- Malaysia having the fourth highest number of diabetics in Asia which was expected to increase by more than 60% to 1.3 million in 2010.
- ~72% of 16 million Malaysian adults are sick with a non-communicable disease like diabetes, hypertension or cancer.
- Malaysia having the most overweight and obese people in Asia; ~54% of the adult population!
I wish to add a tangent to the lobby against sugar related more to economics though. Why is sugar consumption in Malaysia so high? I believe it is partly to do with the price of sugar, seeing as it is a controlled item, which is hence subsidised by the government! The proliferation of sugar hence is not just due to Malaysians having sweet teeth, but because as a bearer of taste, sugar is a cheap option to fulfill the demands of our discerning food-obsessed nation!
Subsidies on sugar presents a dis-economy in many ways, for not only does it boost the consumption of sugar based on an artificial demand-price trade-off, but as sugar or its raw materials are IMPORTED, there is no real benefit of its low prices to the greater economy! Sugar, unlike rice, is a luxury that is so non-essential that any increase in price leading to a consumption drop may not even result in a balancing consumption of other goods... people just consume less!
So, besides creating tycoons from these subsidised businesses, the only 'gain' to the Rakyat from low sugar prices, hence appears to be a frequently pursued transitional feel-good effect related to enjoying sweet stuff cheaply, probably as often as we can afford to! And the result healthwise...
I had expressed in an earlier posting of the need to abolish altogether the subsidies on sugar and the economics were directly related to health, as:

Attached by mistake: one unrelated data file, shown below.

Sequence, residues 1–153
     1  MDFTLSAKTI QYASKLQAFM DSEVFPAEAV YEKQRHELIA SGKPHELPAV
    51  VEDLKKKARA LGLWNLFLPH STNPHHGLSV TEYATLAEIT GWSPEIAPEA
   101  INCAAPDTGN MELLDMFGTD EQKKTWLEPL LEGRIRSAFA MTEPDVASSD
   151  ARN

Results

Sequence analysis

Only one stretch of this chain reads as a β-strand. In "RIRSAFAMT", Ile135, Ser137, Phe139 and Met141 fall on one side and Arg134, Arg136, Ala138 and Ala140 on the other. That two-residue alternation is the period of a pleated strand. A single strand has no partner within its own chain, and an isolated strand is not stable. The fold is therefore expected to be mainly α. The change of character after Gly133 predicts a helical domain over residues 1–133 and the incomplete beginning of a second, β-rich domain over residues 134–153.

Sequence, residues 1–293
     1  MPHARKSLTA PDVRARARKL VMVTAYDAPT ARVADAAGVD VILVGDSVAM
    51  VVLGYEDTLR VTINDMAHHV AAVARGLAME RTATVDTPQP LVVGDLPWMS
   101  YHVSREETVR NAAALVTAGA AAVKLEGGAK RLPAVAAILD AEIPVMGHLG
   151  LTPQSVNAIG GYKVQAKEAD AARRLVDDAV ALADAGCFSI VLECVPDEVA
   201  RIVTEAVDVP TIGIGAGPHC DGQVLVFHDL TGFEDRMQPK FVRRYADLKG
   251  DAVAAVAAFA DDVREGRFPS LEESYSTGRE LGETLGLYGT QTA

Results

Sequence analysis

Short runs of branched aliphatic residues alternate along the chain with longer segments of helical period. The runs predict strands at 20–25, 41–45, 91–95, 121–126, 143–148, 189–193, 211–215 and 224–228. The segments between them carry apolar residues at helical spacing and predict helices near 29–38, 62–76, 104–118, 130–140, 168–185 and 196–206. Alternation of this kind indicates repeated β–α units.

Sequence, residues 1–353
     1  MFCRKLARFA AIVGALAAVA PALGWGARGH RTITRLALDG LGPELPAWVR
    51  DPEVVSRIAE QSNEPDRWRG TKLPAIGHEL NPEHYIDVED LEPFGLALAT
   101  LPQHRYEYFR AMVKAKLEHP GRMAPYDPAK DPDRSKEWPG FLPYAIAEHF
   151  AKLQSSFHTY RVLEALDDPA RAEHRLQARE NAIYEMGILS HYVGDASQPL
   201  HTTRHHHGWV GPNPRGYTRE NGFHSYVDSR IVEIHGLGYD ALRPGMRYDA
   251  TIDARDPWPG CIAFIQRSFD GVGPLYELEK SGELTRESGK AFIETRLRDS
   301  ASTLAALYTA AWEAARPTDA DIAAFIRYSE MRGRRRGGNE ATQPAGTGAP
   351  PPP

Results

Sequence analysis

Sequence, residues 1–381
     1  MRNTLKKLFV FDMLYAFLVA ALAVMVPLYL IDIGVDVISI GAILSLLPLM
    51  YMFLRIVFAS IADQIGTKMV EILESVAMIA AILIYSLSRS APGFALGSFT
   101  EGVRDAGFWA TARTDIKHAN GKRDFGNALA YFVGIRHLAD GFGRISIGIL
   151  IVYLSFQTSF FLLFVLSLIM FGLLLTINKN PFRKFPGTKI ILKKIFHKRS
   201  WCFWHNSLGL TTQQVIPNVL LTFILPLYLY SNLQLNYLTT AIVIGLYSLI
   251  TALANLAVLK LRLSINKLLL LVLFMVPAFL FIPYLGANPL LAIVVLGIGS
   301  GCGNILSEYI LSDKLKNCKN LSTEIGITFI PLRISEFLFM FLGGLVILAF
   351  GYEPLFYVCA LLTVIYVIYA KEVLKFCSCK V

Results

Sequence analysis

- The relationship between high sugar intake and poor Malaysian health presents a link between sugar subsidies with poor worker productivity from absence or ineffective work due to illness. The direct economic impact of sugar subsidies on said reduction on national productivity would require a university thesis to quantify, but the link should be clear to us even now.
- The direct impact of poor health of the populace would be an increased burden, and cost, on our healthcare system and infrastructure. Effectively, the cost is related not just to higher dispensation of drugs (hypertension pills, insulin, etc) and medical services, but also generally a higher cost to insure the health and death of Malaysian citizens as a whole even by public agencies and corporations.
- The caring for the ill is still a very personal activity in Malaysia. As the number of those in need increase, the burden upon the healthy productive members of society will result in secondary inefficiencies that will further penalise the economy. Confusing? Well, imagine a working mum having to take time off to attend counselling of an obese child. Imagine the dad then being hospitalised for hypertension. Will the working mum remain working?
- A generally less healthy populace results in the older generation being more ill and less productive at earlier age. For example, politicians are still considered young and sprightly in Japan at the age of 60, but in Malaysia, even at 55 some are labeled old! OK, politicians are perhaps not the best examples of productivity, but no one can deny the national shame at losing Yasmin Ahmad to stroke at the young age of 51!
The straight-line negative economic impact of sugar subsidies can hence be represented in the following chain (I'll chart it up nicely some other time):
Sugar Subsidies -> Higher Sugar Consumption (-ve economic impact from higher sugar imports) -> Poorer Health of Populace (-ve economic impact from poor productivity) -> Higher Healthcare Costs (-ve economic impact from avoidable increased cost of Health) -> Higher Insurance Costs (-ve economic impact from cost of Health cover) -> More Time Spent Caring for Ill (-ve impact from removal of productive workers to act as carers of the ill) -> Older Members Of Populace Relatively Less Productive (-ve impact on economic potential of population above 50 years of age)
So, whilst in theory potentially unpopular, the government should remove the sugar subsidies above all else. It makes sense in terms of ensuring better long-term health of the populace by effectively increasing the cost of getting ill from high sugar consumption. Hopefully I have also made a convincing argument as to the economic merit of removing the subsidy, not just because sugar is imported, but due to the real cost to our economy of the poor health it engenders.